Enjoy a true next-gen experience with the best gaming TVs of 2023
Video games are the biggest global entertainment industry and competition for the title of best TV for gaming is fiercer than ever.
The PlayStation 5 and Xbox Series X have ushered in an era of console power and performance unlike anything we’ve seen before and you can now play certain games in 4K resolution at a refresh rate of 120Hz, if you own one of the best gaming TVs that is.
Even if you’ve not been lucky enough to get your hands on a next-gen console, now is still a great time to upgrade your gaming TV. The PS4 and Xbox One X are capable of outputting 4K and HDR content and price is no longer the barrier to entry to the world of 4K HDR TVs it once was.
READ NEXT: Check out our favourite gaming headsets
That doesn’t mean selecting a gaming TV is easy, however. To help you choose the right one, we’ve put together a list of the best TVs for gaming we’ve tested. There’s something for everyone no matter their budget but be aware that cheaper options typically lack the cutting-edge features of pricier alternatives.
How to choose the best TV for gaming
There are numerous factors to consider when buying a TV for gaming. Below, we’ll break down the key things to think about before making a purchase.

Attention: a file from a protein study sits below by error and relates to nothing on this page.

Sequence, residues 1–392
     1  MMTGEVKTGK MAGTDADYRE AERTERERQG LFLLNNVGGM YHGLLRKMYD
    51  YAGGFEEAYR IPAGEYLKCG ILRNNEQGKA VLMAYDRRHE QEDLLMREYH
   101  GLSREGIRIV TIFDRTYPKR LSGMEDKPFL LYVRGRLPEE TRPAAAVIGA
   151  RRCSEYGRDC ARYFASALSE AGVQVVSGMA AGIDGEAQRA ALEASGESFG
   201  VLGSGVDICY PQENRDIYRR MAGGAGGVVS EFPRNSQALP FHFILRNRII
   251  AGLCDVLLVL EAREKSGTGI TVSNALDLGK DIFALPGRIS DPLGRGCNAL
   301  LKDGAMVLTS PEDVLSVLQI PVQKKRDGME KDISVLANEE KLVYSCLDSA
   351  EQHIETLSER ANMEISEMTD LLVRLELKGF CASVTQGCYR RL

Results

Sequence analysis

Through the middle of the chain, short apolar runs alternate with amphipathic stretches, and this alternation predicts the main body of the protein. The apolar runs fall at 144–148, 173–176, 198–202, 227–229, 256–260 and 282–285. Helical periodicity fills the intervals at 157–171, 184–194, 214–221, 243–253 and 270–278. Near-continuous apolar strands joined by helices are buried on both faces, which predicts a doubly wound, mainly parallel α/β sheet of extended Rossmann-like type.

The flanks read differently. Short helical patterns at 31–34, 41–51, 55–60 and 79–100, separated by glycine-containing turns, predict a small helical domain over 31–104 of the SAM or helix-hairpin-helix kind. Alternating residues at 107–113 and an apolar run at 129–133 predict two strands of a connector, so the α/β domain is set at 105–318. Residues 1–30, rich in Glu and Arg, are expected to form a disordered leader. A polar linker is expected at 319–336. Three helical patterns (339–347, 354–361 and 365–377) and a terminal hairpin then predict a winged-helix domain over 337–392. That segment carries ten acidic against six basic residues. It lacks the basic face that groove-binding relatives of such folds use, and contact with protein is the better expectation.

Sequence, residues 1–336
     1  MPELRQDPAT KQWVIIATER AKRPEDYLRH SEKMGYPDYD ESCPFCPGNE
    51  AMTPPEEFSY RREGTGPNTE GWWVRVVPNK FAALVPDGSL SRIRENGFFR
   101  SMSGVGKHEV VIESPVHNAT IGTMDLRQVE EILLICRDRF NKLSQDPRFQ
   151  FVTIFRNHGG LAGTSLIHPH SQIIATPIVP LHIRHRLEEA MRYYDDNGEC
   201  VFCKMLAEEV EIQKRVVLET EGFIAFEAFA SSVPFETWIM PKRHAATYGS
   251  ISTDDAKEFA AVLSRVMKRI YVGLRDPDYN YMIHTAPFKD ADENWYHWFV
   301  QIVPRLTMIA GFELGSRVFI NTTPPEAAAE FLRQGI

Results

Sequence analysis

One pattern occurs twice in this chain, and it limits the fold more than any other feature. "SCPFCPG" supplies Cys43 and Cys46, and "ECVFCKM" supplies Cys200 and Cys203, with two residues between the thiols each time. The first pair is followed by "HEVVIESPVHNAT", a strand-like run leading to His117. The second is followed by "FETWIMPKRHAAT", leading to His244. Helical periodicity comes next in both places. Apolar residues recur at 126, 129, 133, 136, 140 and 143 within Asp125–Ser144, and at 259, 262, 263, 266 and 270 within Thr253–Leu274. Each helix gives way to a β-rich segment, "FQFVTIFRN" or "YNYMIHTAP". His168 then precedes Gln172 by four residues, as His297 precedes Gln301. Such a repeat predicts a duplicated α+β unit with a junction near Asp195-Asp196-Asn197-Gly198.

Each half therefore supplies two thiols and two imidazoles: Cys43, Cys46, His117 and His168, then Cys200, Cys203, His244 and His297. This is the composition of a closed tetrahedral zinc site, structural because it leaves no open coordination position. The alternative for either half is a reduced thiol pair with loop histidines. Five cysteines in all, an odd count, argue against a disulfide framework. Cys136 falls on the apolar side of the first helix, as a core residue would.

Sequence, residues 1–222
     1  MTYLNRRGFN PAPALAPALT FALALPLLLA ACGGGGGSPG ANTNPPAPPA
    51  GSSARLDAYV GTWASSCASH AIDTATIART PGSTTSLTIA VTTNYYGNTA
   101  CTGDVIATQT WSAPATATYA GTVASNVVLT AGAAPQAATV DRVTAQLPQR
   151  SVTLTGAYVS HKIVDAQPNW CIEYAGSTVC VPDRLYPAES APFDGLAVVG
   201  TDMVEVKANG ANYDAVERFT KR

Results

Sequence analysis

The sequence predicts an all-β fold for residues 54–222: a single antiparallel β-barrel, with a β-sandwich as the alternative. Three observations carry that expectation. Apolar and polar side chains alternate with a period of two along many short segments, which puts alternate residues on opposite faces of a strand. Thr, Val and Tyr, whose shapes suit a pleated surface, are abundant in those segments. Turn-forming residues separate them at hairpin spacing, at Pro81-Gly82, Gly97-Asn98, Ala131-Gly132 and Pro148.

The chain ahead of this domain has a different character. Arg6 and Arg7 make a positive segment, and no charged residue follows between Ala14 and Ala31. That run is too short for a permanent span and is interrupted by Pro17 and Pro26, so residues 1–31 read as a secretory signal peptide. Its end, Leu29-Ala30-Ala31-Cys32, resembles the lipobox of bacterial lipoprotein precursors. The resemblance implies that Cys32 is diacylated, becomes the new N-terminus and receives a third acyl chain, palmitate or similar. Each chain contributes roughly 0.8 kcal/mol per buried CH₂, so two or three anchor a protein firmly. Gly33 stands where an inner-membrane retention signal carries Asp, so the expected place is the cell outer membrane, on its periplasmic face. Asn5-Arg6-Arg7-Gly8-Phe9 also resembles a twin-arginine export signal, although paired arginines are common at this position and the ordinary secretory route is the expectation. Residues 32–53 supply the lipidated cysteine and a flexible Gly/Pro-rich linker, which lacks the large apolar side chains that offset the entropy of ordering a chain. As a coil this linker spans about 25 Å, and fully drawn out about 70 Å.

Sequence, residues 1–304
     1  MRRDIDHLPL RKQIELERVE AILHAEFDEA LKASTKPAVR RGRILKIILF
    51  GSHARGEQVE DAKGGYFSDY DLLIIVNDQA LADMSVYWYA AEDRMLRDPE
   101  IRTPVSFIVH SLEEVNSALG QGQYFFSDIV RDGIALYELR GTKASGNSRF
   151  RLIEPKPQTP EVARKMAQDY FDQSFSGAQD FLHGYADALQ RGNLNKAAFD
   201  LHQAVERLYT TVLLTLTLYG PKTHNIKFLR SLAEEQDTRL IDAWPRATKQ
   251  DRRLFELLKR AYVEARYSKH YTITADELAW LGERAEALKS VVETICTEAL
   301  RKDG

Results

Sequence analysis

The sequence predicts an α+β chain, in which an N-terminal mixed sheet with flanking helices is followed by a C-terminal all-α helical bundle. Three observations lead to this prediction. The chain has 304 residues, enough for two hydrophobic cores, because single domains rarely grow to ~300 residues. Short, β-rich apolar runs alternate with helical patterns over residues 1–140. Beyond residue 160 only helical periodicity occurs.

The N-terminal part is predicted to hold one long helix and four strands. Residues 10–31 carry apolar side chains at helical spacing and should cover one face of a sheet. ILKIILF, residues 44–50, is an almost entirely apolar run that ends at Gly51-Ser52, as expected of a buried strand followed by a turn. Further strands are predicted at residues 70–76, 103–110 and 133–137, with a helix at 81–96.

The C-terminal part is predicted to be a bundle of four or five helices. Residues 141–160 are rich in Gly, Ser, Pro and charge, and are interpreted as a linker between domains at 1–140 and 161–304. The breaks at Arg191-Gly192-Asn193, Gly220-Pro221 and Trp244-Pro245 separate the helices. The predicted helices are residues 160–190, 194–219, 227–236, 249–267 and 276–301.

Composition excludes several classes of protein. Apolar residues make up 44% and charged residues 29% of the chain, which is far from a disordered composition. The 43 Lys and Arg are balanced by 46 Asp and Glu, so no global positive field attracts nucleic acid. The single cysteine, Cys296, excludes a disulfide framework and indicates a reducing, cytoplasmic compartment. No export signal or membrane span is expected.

What type of TV panel is best for gaming?
There are two main types of modern TV panel – those that have a liquid-crystal display illuminated by light-emitting diodes (LCD LED) and those that use self-emissive organic light-emitting diodes (OLED). Both have pros and cons so which you choose will ultimately come down to your budget and which performance aspects you deem most important.
LCD LED: These are generally the cheaper option but tend to be bulkier as they require a backlight to illuminate the liquid crystals in their panel. This backlight allows LCD TVs to achieve higher peak brightness than OLEDs but comes at the cost of energy efficiency.
You’ll find a few LCD TV variants, all of which use an LED backlight. Quantum Dot LED TVs feature a layer of microscopic quantum dots that emit colour in reaction to light, enabling the panel to reach higher levels of peak brightness than normal LED panels. Similarly, LG’s NanoCell TVs add a layer of nanoparticles to filter out unwanted light wavelengths to improve the purity of certain colours.
In 2021, we started to see Mini LED TVs come to market. These use LEDs about one-fortieth the size of regular LEDs, enabling more of them to be squeezed into a panel of the same size. The increased number of LEDs allows for greater control over local dimming, which in turn results in better black levels, contrast and peak brightness.
Quantum Dot, Mini LED and NanoCell aren’t mutually exclusive. In fact, premium LCD TVs like LG’s QNED90 incorporate all three technologies.
OLED: OLED panels use an organic material that emits light when a current is passed through it. Each pixel acts as its own light source, and pixels can also turn off completely to achieve perfect black. This means that OLEDs can achieve superior contrast compared to their LCD counterparts. They also offer better viewing angles, more vivid colours and are thinner and lighter. However, they cost a fair bit more than most of their LCD LED options.